Mythology haunts me. It’s erasure. I’m convinced that none of us were ever meant to hear ourselves be described by someone else, and it’s not just because of vanity—there’s too much definition in it, too much fantasy, like being eulogised while living or pinned down like a butterfly in a display case.

These are photos of walkways in my suburb. When I don’t want to be anything for anybody I head to these paths, cherishing the freedom of passing unnoticed within arm’s reach of the surrounding homes. Here are lives that I will never know, people who are not watching me, and it is impossible to stop moving. The work in progress, my body in motion; as long as there is road ahead I’ve no need to think about what is left.

About the author
Hanna Lu is a History and Politics graduate from the University of Auckland and has work published with Craccum, the Auckland History Initiative, and Histeria!.
Goddess Kali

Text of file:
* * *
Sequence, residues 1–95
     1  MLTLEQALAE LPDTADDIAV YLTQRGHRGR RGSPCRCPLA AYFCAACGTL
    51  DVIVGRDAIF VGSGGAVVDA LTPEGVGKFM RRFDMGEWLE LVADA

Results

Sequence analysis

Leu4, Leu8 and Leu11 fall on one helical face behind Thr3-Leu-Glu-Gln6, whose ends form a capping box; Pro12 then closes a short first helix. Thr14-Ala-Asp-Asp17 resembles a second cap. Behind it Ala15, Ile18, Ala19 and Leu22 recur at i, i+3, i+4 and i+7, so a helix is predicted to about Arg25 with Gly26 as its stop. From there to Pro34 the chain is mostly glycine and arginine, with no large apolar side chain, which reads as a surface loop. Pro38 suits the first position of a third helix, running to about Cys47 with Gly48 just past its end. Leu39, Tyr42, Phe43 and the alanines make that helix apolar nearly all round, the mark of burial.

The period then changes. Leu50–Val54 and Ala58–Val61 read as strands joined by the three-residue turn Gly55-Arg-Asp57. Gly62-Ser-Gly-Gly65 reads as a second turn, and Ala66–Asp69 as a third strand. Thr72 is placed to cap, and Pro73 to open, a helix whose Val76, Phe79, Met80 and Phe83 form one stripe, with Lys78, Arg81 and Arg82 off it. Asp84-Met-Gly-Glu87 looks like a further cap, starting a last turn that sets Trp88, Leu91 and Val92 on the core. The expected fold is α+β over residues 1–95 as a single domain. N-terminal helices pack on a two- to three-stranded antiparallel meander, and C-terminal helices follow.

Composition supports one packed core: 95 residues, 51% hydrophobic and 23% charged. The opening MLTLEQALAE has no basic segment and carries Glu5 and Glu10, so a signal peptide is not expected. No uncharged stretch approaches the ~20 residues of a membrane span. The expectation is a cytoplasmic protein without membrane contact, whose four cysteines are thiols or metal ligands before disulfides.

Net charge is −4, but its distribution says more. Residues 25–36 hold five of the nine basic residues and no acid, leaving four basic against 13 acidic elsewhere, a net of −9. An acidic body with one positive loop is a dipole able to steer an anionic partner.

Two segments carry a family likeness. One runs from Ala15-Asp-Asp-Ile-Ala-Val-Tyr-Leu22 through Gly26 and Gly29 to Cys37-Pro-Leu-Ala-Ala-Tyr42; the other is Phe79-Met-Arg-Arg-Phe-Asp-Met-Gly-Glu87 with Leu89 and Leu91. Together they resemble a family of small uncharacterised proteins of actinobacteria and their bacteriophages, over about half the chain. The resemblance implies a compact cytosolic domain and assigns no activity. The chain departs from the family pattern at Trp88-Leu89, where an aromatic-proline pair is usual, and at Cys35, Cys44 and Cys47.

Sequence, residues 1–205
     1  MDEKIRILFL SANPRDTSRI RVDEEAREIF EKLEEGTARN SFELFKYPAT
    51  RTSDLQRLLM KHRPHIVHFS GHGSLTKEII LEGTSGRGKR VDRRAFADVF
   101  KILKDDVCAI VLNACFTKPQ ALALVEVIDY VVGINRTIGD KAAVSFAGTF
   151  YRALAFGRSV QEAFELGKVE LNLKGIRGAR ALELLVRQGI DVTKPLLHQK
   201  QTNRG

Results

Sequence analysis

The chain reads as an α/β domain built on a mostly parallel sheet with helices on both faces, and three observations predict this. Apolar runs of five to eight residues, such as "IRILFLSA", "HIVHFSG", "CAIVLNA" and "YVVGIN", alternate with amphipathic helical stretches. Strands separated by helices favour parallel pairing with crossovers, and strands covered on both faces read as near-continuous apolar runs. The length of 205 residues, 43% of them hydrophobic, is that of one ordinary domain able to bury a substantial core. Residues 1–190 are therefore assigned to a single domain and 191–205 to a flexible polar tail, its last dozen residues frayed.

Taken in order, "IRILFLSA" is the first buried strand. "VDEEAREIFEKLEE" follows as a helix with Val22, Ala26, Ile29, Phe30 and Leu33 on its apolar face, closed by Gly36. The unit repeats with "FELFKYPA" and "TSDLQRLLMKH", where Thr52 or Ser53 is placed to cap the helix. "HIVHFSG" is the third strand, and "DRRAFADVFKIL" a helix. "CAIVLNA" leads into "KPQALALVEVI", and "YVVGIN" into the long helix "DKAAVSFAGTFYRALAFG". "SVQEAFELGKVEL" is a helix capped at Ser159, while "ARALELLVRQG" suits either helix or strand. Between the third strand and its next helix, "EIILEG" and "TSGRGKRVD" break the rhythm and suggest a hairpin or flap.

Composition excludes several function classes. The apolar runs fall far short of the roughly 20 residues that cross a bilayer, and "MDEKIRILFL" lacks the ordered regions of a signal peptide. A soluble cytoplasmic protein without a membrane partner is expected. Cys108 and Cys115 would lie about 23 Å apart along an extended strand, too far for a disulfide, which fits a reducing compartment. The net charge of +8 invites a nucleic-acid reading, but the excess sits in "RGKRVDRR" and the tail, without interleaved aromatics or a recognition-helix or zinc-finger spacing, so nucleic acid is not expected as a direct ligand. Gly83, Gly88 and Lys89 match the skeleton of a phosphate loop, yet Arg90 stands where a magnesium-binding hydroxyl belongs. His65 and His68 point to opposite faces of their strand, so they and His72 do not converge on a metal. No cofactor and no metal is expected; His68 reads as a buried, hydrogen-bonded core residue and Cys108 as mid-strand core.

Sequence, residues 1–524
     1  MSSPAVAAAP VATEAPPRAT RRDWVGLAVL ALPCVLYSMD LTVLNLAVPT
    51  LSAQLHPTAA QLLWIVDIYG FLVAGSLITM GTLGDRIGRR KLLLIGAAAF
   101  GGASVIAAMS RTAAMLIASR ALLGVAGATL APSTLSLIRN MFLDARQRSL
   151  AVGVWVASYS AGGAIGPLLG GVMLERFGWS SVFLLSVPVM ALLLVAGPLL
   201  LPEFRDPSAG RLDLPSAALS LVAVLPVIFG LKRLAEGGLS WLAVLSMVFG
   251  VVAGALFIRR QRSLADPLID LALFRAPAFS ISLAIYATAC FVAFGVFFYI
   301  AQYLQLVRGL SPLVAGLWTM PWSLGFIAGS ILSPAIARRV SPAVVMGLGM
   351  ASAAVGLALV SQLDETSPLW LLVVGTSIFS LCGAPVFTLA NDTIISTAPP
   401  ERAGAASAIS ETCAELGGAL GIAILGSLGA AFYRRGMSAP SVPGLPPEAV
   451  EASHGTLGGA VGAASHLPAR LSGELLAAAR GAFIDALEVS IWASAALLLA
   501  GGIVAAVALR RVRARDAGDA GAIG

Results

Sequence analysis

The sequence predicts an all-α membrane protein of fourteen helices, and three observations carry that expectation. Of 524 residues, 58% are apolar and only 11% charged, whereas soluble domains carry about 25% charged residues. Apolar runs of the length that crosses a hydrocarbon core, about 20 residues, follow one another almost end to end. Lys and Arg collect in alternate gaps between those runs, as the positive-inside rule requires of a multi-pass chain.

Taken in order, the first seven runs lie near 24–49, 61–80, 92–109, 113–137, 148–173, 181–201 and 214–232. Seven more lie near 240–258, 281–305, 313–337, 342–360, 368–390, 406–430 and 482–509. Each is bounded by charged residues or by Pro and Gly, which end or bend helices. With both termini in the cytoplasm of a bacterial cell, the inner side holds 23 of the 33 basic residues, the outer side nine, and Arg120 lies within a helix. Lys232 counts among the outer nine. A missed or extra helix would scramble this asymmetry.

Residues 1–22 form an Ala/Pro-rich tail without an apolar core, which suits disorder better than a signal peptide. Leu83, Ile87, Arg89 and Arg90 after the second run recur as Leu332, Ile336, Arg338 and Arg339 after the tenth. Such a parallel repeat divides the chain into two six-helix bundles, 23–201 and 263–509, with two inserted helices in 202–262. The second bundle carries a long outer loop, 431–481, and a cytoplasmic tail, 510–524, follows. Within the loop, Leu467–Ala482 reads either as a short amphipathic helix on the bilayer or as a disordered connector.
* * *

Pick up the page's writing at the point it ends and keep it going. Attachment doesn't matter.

This is Tania Browning’s rendition of the mythical Goddess Kali, who is recognised as not only the Destroyer but also the embodiment of Shakti, the female power.
She is a potent force that is both dynamic and fearless, which can be seen in the eyes of the painting. The red, symbolising fierce, bold and courageous energy that is the manifestation of the divine masculine. Then the blue, which symbolises the calm, contemplative and nurturing energy of the divine feminine. With the manifestation of this duality, Kali becomes both the Creator and the Slayer, being the giver of life through the embodiment of her female form and then the destroyer with her masculine energy.
Kali is also known as the Goddess of Dark Mind and Soul. Her imbued energies define life and death. This is implied here through the use of the black overpaint, the colour black being the Dark energy. Kali’s face appears somewhat hidden as if there is a veil. Scratches can be seen as if she is trying to break through to the other side, indicating power and force. But then, we see her facial expression is patient, observant, sharp and attuned. Like a mother looking out for her children being us, humanity.
This contextualisation, through utalising the mythos of Kali, symbolically defines the non permanence of life. By removing the Ego (veil), Kali liberates us from the perpetual cycle of life and death, to the boundless existential freedom of the soul.
About the author
Tania Browning is an artist and kundalini yoga teacher based in Auckland, New Zealand. She often interweaves yoga philosophy into her artworks, with her primary medium being painting and sculpture.